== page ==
Tuesday, August 28, 2007

The Politics of a View







That old adage of wanting what we can't have may be coming home to roost. I'm referring to our desire for a roof terrace. The petite cour (3m X 6m or just under 9' X 18' is usually filled with construction materials, doesn't get much sun and is bounded on three sides by other village houses. So, in essence, it's a little like sitting in the bottom of a canyon. I did attempt to cheer it up a bit with some big terra cotta pots and plants, and a table and chairs. Maybe this wasn't the summer to put it to the real test, since the temperatures have been relatively cool . On a beastly hot Moab-like day, this little hidey-hole feels refreshing; that is, if you can pick your way through the mortier, ciment, chaux, sable, or outils.


It cannot be stressed enough: WE LIVE IN A VILLAGE WITH A CHATEAU. Everybody tells us that in an almost warning tone of voice, one step away from wagging a finger in front of our noses. But there is little consensus as to just what that means as far as those of us living on the other side of the tracks (in this case, the river) are concerned. The only thing I know for certain about all this is that the Top 2 Sacred Things in France are: #1) Dog Poop and #2) Chateaux. You are not allowed to pick up dog poop after your dog has released it; and you are not allowed to do anything offensive that people living in a Chateau might see. A roof terrace is apparently included in that list of offensive acts. Picking up dog poop on said roof terrace would be even worse.



From the north side of our roof, which faces The Chateau, I snapped a few photos sticking my head out the velux (skylight). If you look very very closely, (click on the photo to enlarge) just to the right of the tallest tree, you can just make out a tiny portion of the facade of The Chateau. This must be where all the people who would complain live. I should mention that the Chateau is not a working, operational, medieval Chateau, inhabited by knights and damsels and paysans. It has been converted into luxury apartments for modern-day renaissaince lords and ladies.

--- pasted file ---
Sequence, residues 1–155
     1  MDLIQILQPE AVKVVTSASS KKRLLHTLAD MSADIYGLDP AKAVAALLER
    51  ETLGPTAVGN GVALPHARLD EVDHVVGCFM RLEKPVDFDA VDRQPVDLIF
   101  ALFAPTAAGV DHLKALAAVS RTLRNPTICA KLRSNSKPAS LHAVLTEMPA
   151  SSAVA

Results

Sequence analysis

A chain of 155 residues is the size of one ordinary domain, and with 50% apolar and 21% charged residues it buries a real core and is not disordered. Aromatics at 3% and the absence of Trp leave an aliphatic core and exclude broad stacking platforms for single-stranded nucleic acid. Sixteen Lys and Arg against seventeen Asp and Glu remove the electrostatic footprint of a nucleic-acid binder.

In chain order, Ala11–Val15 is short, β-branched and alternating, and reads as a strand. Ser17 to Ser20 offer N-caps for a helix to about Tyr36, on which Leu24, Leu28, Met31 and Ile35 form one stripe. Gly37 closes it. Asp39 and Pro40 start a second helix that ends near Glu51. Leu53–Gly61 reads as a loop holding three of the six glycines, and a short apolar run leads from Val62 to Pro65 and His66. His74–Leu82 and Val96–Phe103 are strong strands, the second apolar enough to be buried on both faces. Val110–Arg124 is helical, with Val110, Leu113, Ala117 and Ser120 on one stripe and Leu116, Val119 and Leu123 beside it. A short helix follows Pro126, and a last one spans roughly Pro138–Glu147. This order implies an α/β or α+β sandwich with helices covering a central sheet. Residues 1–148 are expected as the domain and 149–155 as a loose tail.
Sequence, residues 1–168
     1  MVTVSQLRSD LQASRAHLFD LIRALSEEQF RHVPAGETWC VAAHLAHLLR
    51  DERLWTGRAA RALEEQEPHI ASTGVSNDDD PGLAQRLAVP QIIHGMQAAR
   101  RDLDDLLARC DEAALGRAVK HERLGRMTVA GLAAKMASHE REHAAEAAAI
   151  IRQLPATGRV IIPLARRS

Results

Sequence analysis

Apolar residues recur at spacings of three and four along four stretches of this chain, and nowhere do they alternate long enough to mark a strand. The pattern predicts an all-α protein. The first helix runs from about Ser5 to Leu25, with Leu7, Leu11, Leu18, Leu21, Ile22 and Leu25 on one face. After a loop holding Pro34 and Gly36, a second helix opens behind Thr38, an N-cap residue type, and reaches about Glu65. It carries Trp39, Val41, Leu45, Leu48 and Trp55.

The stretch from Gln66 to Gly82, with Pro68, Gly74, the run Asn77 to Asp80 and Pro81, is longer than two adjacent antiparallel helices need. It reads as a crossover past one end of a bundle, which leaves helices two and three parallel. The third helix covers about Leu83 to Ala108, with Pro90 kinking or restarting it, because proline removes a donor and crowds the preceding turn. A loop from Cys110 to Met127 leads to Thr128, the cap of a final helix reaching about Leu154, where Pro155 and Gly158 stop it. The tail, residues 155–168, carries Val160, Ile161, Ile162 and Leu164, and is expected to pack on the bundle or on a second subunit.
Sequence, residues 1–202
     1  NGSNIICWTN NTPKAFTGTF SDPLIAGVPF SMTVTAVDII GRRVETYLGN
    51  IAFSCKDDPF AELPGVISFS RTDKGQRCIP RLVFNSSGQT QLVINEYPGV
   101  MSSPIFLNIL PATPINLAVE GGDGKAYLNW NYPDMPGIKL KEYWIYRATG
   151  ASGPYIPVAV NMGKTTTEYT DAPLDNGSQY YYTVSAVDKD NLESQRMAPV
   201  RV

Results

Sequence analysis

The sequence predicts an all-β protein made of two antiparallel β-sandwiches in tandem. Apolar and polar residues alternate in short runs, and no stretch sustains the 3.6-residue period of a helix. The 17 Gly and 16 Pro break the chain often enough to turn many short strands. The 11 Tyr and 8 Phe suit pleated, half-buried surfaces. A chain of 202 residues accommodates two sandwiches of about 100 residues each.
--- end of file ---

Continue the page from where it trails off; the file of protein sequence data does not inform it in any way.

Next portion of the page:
The backside of the first row of houses facing The Chateau (just across the river) take advantage of overlooking the river and The Chateau and grounds. While none of them have what is technically described a 'roof terrace', most of them have terraces or decks built over a lower house level. It has been explained to me several times that there is a difference here, which I apparently am not fully grasping. Their terrace/decks do not alter the roof lines and are acceptable; as are the 1960's wrought iron railings, aluminum windows, faux-Tahiti grass fencing, and laundry lines. The lords and ladies of The Chateau like this kind of stuff, but not breaks in the roof line.